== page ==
The Most Important Economic Question of Our Time: Will 3-D Printers Kill Table-Top Minatures Gaming?

Because the table-top miniature wargames sector of the economy is a critical one-zillionith of GDP. Or something. Anyway, we read at Wired that 3-D printers are close to becoming a reality in your home:

The BotCave is home to MakerBot, a company that for nearly four years has been bringing affordable 3-D printers to the masses. But nothing MakerBot has ever built looks like the new printer these workers are currently constructing. The Replicator 2 isn’t a kit; it doesn’t require a weekend of wrestling with software that makes Linux look easy. Instead, it’s driven by a simple desktop application, and it will allow you to turn CAD files into physical things as easily as printing a photo. The entry-level Replicator 2, priced at $2,199, is for generating objects up to 11 by 6 inches in an ecofriendly material; the higher-end Replicator 2X, which costs $2,799, can produce only smaller items, up to 9 by 6 inches, but it has dual heads that let it print more sophisticated objects. With these two machines, MakerBot is putting down a multimillion-dollar wager that 3-D printing has hit its mainstream moment.

…And that’s just the tooth business. Practically every consumer item or electronic gadget you own has been prototyped on a 3-D printer; ditto for the newer buildings around you. Today you can get a custom 3-D-printed action figure of your World of Warcraft character or your Xbox Live avatar. And if you go to Tokyo, you can have your head scanned for a photo-realistic action figure of yourself. (Try not to get too creeped out.)

Most of the table top miniature games companies (Games Workshop is the largest, but there are dozens) already use 3-D printing to design oversized mockups of their miniatures, which are then mass produced in plastic, resin, or metal (an aside for nerd historians: the progenitor of the role-playing game Dungeons & Dragons was a miniatures-based wargame known as Chainmail from the early 1970s).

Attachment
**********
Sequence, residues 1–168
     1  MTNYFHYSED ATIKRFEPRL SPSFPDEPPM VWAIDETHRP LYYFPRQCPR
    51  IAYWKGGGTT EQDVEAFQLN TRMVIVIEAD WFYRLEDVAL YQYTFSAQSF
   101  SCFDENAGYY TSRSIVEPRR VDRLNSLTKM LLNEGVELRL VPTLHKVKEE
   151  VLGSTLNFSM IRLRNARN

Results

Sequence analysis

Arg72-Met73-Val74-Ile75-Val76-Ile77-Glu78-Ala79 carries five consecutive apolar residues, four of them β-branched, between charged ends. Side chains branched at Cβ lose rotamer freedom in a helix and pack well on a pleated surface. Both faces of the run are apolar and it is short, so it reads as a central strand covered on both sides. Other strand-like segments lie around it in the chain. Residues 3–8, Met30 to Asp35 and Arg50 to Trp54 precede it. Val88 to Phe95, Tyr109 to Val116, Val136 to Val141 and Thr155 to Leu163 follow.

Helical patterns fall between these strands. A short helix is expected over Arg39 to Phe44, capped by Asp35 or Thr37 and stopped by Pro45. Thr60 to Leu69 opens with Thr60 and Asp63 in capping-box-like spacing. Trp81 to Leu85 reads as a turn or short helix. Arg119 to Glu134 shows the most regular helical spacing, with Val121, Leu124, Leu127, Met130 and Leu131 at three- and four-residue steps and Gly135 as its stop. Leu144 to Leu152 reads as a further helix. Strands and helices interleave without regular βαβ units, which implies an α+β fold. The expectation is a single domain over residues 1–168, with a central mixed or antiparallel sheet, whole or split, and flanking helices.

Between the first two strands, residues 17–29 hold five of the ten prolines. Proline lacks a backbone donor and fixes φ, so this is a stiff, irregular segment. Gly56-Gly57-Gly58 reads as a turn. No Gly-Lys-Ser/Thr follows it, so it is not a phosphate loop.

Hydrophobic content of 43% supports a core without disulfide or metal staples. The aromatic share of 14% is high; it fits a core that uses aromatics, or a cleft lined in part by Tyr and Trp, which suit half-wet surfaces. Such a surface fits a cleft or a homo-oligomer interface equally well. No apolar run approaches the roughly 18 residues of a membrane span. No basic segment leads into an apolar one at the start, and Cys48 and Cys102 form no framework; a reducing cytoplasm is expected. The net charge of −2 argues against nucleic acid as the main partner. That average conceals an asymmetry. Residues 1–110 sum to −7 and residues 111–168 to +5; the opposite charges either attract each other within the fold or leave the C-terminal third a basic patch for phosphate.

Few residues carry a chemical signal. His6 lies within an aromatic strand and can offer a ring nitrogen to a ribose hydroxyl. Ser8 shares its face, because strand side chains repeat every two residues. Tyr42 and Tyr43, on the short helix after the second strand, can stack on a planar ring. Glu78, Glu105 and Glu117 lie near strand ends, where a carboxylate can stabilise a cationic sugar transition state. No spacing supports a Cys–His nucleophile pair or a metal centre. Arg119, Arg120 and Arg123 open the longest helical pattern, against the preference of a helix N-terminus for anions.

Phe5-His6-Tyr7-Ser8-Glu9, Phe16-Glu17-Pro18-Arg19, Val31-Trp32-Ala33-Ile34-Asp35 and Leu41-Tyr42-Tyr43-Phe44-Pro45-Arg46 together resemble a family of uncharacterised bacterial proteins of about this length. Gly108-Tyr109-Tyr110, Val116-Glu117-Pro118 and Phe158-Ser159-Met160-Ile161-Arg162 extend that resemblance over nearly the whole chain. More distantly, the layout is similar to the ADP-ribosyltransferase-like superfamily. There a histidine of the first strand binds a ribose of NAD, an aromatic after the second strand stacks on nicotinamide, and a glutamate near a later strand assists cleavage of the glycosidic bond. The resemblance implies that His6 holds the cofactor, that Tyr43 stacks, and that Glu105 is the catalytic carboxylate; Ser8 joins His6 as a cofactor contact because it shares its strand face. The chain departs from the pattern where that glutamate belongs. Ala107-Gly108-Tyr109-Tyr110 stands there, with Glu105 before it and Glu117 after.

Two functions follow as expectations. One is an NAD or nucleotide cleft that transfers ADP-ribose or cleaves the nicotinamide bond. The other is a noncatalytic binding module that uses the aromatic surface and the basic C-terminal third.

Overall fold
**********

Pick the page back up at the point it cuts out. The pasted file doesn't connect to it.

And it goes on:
It should be relatively easy for someone to figure out (pun intended) how to make copies of existing miniatures that can then be produced at home. In essence, this takes Napster et alia to a whole new level. On the other hand, maybe these companies will stop making models, and simply become rule-making and template-selling companies?


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4 Responses to The Most Important Economic Question of Our Time: Will 3-D Printers Kill Table-Top Minatures Gaming?

  1. The RPG industry seems to be moving strongly in the latter direction. Only the really big publishers even make books any more. Indie publishers are a big part of the industry these days, and most of them sell their wares in a purely-electronic format.

  2. EpiGrad – Epi_Junkie is a graduate student of Epidemiology with an unhealthy fondness for infectious diseases, a tendency to stay up later than is perhaps advisable, and an implanted link to the Internet.
    Confounding says:

    My guess is before we hit the “rule-making and template-selling” stage, what will probably end up happening is the mass manufacturers will see their margins shrink. I think it’s a much longer time before a 3-D printer, even with a perfect copy (which the Wired articles were not – not even close) can compete with an industrial operation for any sort of volume. Just like it’s hard for my laser printer to compete with a print shop for printing massive amounts of paper.

  3. kaleberg
    Kaleberg says:

    There will also be the sale of 3D printing patterns. Not every fan will simply download and share them, especially not if they want to support their favorite artists. I also expect that we’ll be seeing more kickstarter-like get first buy of the new series and offers of a variety of bonus pieces.

  4. TheBrummell says:

    Given what I’ve heard about Games Workshops normal business practices, I say “Turnabout is fair play”. They’ve built a business model on customers constantly buying new products, in their case plastic figures, by wiping out local “mom-and-pop” (OK, this being the gaming business, more likely “uncle Gary”) stores. If their industry experiences a major disruption, they’ll adapt or die.

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